With negotiations on curbing global warming and the future of fossil fuels generating the most buzz as the latest UN climate conference heads towards the finish line – COP28 is scheduled to wrap up next Tuesday – young people and children grabbed the spotlight today.
In the lead-up to the conference, the UN released a string of dire reports confirming that our planet is at a tipping point. The latest survey from the UN weather agency, WMO, said that greenhouse gasses have “turbo-charged a dramatic acceleration in ice melt and sea level rise.”
The world is home to 1.8 billion young people between the ages of 10 to 24 – the largest youth generation in history. They are increasingly vocal and aware of the risks posed by the climate crisis, and they took the center stage today the Al-Waha theater in Dubai’s Expo City.
Movement for change
At a youth dialogue event, Ameila Turk of YOUNGO – a global network of children and youth activists – outlined the global youth statement delivered to delegates at COP28, a policy document prepared with over 750,000 inputs received from over 150 countries.
She described it as a part of climate movement.
“While we might not necessarily have the ability to bring everybody to a COP itself, the global statement is an excellent example of how we able to show… what we really care about, and to show the audience as well why we are here.”
In his remarks, Dr. Mashkur Isa of YOUNGO asked attendees under the age of 35 to raise hands and most hands in the packed auditorium went up.
However, he noted that it is unfortunate that such a high level of youth representation was largely missing in the day-to-day work of COP28, as well as previous UN climate conferences.
“Despite our continuous calls for ambitious climate action our children and youth are absent from climate discussions, commitments and policy-making. Parties must protect our interests by immediately placing the voices of children and youth at the center of all levels of climate change decision-making,” he stated.
Action for climate empowerment
YOUNGO member Bhumi Sharma, moderator of the youth climate dialogue, said that that ensuring finance for Action for Climate Empowerment (ACE) is crucial.
ACE, which echoes one of the objectives of Article 6 of the Paris Agreement aims to empower all members of society to engage in climate action through education and public awareness, training, public participation, public access to information, and international cooperation.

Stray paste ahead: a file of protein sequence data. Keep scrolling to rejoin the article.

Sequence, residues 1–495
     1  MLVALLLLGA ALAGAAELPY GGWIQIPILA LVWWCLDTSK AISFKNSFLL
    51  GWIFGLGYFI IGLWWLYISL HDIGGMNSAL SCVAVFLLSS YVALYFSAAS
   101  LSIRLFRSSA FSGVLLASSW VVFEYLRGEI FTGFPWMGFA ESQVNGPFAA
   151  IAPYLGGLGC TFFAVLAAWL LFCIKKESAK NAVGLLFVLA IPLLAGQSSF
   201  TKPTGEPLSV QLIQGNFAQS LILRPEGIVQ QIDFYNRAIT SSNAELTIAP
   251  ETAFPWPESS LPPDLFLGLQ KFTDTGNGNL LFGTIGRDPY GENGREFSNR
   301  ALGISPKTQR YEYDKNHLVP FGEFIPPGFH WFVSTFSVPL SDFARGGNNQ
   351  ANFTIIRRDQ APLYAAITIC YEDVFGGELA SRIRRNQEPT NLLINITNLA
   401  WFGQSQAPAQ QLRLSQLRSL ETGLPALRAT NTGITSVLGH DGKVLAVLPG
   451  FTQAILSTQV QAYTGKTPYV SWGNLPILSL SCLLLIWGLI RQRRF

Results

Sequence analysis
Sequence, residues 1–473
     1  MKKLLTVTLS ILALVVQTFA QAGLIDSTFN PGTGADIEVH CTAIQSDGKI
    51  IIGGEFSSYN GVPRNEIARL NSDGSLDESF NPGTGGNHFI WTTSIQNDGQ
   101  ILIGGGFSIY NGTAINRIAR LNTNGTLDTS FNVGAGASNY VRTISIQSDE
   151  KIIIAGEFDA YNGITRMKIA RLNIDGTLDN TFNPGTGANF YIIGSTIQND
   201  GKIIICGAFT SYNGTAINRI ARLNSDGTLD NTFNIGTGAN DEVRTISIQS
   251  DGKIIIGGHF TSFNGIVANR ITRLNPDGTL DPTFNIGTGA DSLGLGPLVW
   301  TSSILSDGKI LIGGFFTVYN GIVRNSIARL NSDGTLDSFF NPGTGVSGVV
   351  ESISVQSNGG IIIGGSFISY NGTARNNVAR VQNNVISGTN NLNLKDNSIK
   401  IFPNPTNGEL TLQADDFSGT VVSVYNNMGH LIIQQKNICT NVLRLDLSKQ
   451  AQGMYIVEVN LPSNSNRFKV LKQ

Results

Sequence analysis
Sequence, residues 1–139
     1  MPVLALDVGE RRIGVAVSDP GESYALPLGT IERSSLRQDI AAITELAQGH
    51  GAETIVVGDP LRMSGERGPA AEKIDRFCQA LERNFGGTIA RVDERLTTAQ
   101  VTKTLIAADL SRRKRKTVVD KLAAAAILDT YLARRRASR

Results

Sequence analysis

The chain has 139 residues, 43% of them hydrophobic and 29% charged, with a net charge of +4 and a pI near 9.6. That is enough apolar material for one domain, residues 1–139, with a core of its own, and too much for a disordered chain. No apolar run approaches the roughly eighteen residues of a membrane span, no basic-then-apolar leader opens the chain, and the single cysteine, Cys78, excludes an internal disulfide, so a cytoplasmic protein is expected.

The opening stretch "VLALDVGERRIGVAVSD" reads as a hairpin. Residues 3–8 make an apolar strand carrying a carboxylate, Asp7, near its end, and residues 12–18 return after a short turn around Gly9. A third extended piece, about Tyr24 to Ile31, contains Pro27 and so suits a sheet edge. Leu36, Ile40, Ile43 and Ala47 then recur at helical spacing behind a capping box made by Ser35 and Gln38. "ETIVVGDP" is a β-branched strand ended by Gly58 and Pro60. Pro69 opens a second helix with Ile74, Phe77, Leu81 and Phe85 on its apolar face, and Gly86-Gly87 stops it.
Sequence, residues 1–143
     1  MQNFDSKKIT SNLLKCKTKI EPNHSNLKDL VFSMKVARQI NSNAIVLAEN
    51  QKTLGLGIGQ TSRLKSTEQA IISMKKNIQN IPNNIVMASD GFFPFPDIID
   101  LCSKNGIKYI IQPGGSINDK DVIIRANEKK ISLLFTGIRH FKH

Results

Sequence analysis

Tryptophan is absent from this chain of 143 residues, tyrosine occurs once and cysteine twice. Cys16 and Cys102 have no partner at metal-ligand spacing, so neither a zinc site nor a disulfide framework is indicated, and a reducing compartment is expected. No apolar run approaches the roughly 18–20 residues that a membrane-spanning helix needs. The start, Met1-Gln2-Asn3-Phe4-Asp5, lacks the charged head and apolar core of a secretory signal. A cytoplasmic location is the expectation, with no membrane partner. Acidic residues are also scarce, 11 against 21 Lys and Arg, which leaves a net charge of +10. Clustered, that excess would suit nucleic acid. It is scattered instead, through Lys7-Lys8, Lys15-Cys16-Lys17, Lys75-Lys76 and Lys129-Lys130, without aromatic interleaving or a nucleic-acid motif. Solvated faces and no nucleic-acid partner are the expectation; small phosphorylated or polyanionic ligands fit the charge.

“There has been a chronic absence of funds and despite efforts, developed countries are not willing to talk about it,” she added.
Speaking to UN News, she underscored that activism for climate action comes from within, “and while we cannot force anyone to care about something they don’t,” her hope is that people take the climate crisis seriously.
‘The climate crisis is an education crisis’
According to a UNICEF analysis released earlier this year, weather-related disasters caused 43.1 million children to be internally displaced in 44 countries over a six-year period – approximately 20,000 child displacements a day.
UN News spoke to Yasmine Sherif, Executive Director of Education Cannot Wait, the UN global fund for education in emergencies, which recently issued an appeal for $150 million to scale up efforts in response to the climate crisis.
“Climate change has proven to be one of the largest causes for displacement after conflict,” she said, adding that displacement affects the education of children and youth, and eventually their futures.
A new ‘Education Cannot Wait’ survey shows that the education of 62 million children and adolescents has been disrupted as an immediate and direct consequence of climate change.
Indeed, nearly 29,000 schools were damaged or destroyed due to flooding in Pakistan, and drought is impacting young lives in Somalia and the Horn of Africa.
“It’s important to not separate climate change from the impact it has on some basic services. These are not two different agendas,” Ms. Sherif explained. “The climate crisis is an education crisis.”
At COP28, Education Cannot Wait is pushing for more progress and to place education at the center of the climate action agenda.
“Without putting investment in education, all the billions we are investing is a lost money,” said Ms. Sherif.
She said that that even a small investment in education can go a long way in ensuring that the new generation continue to go to school and become the engineers, the scientists, the teachers who continue on the path of saving the mother earth.
“Don’t tell me that there are no resources. If we took 5 per cent of military expenditures and move them towards a education and to address climate crisis… We would have $100 billion a year to address climate change. So, the message is that you need to start reprioritizing,” she emphasized.
For her part, Carmen Burbano from the World Food Programme (WFP) said that it was “about time” the link between education, youth and climate action was made in a dedicated theme of a climate conference day.
The Director of WFP’s School Feeding Unit spoke to UN News on the sidelines of an event which focused on reimagining school meals for the health of the planet and children.
As the “largest social assistance programme in the world, we are changing what a third of the population in many of the countries is eating, and that directly impact climate goals,” she said.
She underscored that switching to cleaner energy sources in cooking these meals can also have an impact on preventing deforestation and even move communities around schools towards the use of more renewable energies.
Ms. Burbano said education, food systems and climate action “really need to come together in packages of solutions” and hoped that this would remain a feature of future climate conferences. She also welcomed the inclusion of school meals in the Food Systems Declaration made at COP28 as one of the solutions.